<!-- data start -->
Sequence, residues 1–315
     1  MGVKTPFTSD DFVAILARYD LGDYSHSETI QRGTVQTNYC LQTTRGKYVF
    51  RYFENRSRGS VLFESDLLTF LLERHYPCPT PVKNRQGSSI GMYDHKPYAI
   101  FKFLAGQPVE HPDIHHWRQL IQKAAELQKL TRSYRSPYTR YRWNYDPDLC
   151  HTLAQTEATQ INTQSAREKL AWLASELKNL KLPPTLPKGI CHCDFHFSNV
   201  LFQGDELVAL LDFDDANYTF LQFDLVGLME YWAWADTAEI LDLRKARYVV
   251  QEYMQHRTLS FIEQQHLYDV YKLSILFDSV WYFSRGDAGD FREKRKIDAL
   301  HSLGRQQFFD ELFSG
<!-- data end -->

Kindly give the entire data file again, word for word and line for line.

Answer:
Sequence, residues 1–315
     1  MGVKTPFTSD DFVAILARYD LGDYSHSETI QRGTVQTNYC LQTTRGKYVF
    51  RYFENRSRGS VLFESDLLTF LLERHYPCPT PVKNRQGSSI GMYDHKPYAI
   101  FKFLAGQPVE HPDIHHWRQL IQKAAELQKL TRSYRSPYTR YRWNYDPDLC
   151  HTLAQTEATQ INTQSAREKL AWLASELKNL KLPPTLPKGI CHCDFHFSNV
   201  LFQGDELVAL LDFDDANYTF LQFDLVGLME YWAWADTAEI LDLRKARYVV
   251  QEYMQHRTLS FIEQQHLYDV YKLSILFDSV WYFSRGDAGD FREKRKIDAL
   301  HSLGRQQFFD ELFSG